On Tuesday, the infamous group of hacktivists stated that they planned on revealing the identities of 1,000 members of the KKK on the first anniversary of the protests that rocked Ferguson, Missouri, last year.
Anonymous vowed last year to wage a "cyber war" on the hate group after the KKK threatened to use "lethal force" on Ferguson protestors. In an online message posted Tuesday, reported the New York Daily News, Anonymous stated they had "never stopped watching" the Klan since taking over numerous social media accounts and message boards in 2014 after the alleged Klan threats:
After closely observing so many of you for so very long, we feel confident that applying transparency to your organizational cells is the right, just, appropriate and only course of action. You are abhorrent. Criminal. You are more than extremists. You are more than a hate group. You operate much more like terrorists and you should be recognized as such. You are terrorists that hide your identities beneath sheets and infiltrate society on every level. The privacy of the Ku Klux Klan no longer exists in cyberspace. You've had blood on your hands for nearly 200 years. You continue to inflict civil rights violations, commit violent crimes and solicit others to commit violent criminal acts. You seek to intimidate and/or eliminate those that are different from you and those that you dislike by any means possible. You seek to terrorize anyone and anything that you feel is a threat to your narrow view of the "American way of life".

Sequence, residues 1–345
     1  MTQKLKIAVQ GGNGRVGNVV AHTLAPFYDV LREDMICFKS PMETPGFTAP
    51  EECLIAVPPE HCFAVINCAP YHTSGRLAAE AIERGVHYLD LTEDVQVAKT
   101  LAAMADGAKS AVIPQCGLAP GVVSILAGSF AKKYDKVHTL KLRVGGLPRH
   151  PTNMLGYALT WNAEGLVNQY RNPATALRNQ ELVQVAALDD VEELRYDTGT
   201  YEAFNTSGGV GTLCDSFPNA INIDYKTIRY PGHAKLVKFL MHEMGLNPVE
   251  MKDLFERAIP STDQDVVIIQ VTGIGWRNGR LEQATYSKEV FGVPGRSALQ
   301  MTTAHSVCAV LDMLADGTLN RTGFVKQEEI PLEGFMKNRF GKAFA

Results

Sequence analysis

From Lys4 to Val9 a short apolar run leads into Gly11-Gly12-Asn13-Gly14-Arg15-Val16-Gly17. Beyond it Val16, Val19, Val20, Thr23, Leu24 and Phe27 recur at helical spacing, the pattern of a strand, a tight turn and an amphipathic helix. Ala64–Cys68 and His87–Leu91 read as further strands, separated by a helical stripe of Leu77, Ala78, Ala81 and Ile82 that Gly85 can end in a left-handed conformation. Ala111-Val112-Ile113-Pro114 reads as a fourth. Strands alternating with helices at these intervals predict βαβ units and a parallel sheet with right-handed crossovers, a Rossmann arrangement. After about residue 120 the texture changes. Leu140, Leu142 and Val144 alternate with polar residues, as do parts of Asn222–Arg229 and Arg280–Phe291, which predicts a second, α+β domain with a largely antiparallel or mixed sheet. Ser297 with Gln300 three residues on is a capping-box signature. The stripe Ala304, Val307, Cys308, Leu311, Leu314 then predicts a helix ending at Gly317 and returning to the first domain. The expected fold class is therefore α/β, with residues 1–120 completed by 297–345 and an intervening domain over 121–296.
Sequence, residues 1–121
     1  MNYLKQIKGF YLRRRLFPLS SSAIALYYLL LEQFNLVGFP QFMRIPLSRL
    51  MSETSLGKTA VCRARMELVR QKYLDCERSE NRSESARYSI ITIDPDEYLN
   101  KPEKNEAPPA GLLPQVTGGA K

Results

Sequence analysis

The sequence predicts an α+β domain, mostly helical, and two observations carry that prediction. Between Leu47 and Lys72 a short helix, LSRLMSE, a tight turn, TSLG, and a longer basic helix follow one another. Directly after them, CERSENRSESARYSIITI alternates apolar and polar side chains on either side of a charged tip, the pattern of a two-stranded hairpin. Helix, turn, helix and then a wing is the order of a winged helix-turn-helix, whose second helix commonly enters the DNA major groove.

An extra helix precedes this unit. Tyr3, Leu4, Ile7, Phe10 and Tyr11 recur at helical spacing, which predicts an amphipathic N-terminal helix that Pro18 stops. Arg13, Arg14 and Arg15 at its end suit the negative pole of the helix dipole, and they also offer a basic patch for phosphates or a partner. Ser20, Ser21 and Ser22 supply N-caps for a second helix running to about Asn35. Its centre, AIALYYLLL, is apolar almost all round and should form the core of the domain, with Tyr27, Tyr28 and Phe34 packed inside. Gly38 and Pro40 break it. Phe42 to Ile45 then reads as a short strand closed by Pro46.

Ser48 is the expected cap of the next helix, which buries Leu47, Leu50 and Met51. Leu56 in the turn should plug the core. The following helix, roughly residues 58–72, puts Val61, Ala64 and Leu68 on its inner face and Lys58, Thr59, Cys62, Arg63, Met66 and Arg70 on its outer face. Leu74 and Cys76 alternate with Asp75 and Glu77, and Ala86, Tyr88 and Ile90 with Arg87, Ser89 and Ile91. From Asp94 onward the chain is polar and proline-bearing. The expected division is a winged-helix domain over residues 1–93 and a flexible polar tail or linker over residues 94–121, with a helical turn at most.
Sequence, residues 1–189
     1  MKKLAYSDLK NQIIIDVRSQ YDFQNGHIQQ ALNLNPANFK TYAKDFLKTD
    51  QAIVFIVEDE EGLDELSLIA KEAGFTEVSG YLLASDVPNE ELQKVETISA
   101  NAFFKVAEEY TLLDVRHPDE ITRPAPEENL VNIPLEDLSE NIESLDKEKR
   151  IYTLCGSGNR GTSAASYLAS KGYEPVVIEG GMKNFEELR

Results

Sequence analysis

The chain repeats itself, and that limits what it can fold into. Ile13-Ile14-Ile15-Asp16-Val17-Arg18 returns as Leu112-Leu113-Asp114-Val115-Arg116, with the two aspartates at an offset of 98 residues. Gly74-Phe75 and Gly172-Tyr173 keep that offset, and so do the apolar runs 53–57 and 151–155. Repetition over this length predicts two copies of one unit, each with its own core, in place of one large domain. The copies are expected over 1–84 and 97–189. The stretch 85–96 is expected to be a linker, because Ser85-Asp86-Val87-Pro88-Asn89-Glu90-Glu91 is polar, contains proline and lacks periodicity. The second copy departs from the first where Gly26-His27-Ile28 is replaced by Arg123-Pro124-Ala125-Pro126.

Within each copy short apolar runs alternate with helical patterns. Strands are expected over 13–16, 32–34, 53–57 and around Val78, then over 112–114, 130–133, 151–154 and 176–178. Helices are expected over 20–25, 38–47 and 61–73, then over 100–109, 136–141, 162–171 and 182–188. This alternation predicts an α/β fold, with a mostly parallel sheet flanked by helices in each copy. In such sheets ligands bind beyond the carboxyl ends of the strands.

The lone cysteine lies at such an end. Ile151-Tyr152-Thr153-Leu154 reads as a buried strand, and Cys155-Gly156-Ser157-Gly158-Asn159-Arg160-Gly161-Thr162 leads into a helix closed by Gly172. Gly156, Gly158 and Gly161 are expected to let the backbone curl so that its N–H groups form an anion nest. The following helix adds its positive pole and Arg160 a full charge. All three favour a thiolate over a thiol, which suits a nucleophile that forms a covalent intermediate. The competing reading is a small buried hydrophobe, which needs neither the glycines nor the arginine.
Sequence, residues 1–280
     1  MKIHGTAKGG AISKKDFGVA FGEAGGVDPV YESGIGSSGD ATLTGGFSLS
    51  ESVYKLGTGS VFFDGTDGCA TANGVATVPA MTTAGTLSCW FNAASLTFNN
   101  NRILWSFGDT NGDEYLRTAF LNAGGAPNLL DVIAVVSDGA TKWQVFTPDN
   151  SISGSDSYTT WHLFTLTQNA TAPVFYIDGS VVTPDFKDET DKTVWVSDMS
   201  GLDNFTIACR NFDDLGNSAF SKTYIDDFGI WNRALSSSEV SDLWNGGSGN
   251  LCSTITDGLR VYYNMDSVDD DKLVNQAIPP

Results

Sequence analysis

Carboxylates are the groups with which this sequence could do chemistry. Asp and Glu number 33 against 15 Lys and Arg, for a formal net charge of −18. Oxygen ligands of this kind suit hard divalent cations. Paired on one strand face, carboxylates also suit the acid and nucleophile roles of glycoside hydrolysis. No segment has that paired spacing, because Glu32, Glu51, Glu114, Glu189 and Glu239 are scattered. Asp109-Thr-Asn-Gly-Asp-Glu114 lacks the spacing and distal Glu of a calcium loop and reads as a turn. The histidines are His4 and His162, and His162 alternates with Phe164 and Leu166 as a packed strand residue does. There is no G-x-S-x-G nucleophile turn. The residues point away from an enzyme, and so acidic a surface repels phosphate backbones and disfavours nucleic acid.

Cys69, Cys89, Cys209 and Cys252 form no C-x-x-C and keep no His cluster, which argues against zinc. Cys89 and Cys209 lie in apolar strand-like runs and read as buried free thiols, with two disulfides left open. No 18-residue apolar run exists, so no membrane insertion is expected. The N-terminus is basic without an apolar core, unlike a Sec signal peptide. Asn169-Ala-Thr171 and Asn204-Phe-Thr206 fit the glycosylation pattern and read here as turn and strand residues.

The message went on to note that Klan members had attempted to play the victim after Anonymous's 2014 attack of online accounts and exposure of the personal data — phone numbers, street addresses — of many who would have preferred their white-hooded faces remain secret.
"No. You are a damaged, dangerous, fragmented, splintered and amorphous collection of terroristic cells with a hate-based ideology and a well documented history of violence against the American public," responded Anonymous.
As reported by the Daily News, the hacker collective has revved up its threats against the KKK, posting more frequently to a Twitter account for the operation with the hashtags #OpKKK and #HoodsOff. Late Wednesday, a tweet indicated the hackers might be actively gearing up to put their threats into action.
Revealing someone's private information — or "doxing," in internet parlance — is considered a questionable tactic for those steeped in digital culture. There's always a danger that innocent people — say, the children or relatives of a secret Klan member — may end up lumped in with those who may actually have a pointed hood hidden in the closet, in this situation. Righteous zeal could outrun wisdom.
That said, Anonymous's targeting of the Klan, which the Southern Poverty Law Center describes as the US's "most infamous" and "oldest" American hate group, is pretty easy to understand. Time will tell if the hacker group actually makes good on its word, but chances are nobody will shed any tears for the KKK.